Hydraulically interconnected vehicle suspension: Optimization and sensitivity analysis

Publication Type:
Journal Article
Proceedings of the Institution of Mechanical Engineers, Part D: Journal of Automobile Engineering, 2010, 224 (11), pp. 1335 - 1355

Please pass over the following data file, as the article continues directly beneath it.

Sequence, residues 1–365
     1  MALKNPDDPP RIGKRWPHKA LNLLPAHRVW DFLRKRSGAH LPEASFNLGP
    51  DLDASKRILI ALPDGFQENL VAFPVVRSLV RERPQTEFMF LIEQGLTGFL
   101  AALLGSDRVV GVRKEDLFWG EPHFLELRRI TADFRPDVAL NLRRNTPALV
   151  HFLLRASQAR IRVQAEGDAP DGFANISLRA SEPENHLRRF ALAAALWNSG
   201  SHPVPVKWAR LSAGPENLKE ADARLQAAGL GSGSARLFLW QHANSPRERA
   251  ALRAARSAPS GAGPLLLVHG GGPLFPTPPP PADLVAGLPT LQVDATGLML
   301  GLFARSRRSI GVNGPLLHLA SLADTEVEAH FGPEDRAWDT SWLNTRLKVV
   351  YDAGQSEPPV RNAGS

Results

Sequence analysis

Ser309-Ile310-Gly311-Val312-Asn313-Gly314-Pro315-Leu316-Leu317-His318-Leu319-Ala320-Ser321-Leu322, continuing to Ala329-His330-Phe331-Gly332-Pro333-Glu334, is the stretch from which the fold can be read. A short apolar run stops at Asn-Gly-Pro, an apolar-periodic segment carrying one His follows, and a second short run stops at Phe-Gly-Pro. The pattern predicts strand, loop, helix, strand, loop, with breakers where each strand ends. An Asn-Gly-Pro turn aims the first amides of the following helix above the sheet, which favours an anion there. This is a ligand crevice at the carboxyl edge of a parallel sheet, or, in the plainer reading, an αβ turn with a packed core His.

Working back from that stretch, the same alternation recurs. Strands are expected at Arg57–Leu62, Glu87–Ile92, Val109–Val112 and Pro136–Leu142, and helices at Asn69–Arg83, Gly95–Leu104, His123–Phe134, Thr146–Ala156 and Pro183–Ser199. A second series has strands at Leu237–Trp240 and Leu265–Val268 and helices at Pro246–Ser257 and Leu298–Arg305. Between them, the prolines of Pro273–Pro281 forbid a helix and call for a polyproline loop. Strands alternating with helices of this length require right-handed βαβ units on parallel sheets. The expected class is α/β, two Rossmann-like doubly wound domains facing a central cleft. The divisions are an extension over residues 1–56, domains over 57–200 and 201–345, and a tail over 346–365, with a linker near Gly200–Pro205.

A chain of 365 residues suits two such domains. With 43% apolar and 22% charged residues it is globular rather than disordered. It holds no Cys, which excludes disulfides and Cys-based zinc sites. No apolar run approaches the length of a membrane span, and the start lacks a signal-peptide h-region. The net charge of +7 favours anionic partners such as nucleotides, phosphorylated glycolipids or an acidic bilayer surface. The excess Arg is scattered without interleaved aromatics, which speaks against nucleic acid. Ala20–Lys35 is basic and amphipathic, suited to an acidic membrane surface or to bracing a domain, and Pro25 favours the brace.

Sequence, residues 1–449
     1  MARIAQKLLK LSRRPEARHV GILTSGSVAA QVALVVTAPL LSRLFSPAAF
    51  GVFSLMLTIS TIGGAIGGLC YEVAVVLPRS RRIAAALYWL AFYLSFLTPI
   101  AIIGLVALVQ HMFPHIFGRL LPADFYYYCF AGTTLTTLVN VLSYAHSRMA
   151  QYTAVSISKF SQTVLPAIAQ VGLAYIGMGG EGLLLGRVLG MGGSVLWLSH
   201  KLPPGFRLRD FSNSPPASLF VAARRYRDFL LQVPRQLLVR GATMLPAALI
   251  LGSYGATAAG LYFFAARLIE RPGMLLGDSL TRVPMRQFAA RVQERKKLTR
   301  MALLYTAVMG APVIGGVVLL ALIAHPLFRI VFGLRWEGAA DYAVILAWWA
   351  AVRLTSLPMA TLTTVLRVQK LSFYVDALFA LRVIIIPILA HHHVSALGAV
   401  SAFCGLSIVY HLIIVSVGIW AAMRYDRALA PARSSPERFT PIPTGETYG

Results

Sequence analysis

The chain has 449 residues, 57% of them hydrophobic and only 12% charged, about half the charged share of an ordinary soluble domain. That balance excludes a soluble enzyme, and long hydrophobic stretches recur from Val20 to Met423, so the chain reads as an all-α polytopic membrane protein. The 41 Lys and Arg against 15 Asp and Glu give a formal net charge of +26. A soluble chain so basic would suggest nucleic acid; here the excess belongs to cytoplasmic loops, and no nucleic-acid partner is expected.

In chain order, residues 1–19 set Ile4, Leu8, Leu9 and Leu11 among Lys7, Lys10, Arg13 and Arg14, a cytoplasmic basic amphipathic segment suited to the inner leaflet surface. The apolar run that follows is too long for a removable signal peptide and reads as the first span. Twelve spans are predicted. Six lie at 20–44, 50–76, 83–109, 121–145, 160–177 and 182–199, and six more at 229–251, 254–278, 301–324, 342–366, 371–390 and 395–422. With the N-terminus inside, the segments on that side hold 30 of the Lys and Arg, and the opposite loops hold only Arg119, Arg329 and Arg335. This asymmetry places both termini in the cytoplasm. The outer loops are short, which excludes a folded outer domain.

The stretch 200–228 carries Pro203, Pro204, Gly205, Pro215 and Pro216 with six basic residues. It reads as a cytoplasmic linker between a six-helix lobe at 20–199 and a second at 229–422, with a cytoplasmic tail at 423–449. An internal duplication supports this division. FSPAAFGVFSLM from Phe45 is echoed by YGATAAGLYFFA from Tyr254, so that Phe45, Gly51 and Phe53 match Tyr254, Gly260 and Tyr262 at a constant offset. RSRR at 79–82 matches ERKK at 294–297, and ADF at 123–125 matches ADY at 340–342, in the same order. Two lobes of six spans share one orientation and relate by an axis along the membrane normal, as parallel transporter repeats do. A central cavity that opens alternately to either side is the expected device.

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This paper extends recent research on vehicles with hydraulically interconnected suspension (HIS) systems. Such suspension schemes have received considerable attention in the research community over the last few years. This is due, in part, to their reported ability to provide stiffness and damping rates dependent on the suspension mode of operation (i.e. the bounce, roll, pitch, or articulation of the unsprung masses relative to the sprung mass), rather than relying on the stiffness and damping characteristics of the single wheel stations. In this paper, the optimization of such a system is considered. Use is made of a previously derived four-degree-of-freedom model of a roll-plane half-car fitted with a typical antiroll HIS system. Objective functions are then developed, based on the desire to improve ride comfort and to minimize suspension working space and tyre normal force fluctuations. With this formulation, a large number of optimal solutions are found and presented graphically, and the performance limitations and trade-offs between the desired objectives are illustrated. To contextualize these results, a similar optimization process is applied to a half-car with a conventional independent suspension. Four optimal parameter combinations are then selected as base points for further examination of the HIS vehicle. This is done by way of a basic sensitivity analysis, based on the local method, which involves single-parameter perturbations about a base point. The objective of the paper is to outline the dynamic performance, trade-offs, and limitations of an HIS-equipped vehicle, and to identify the system's most important parameters.
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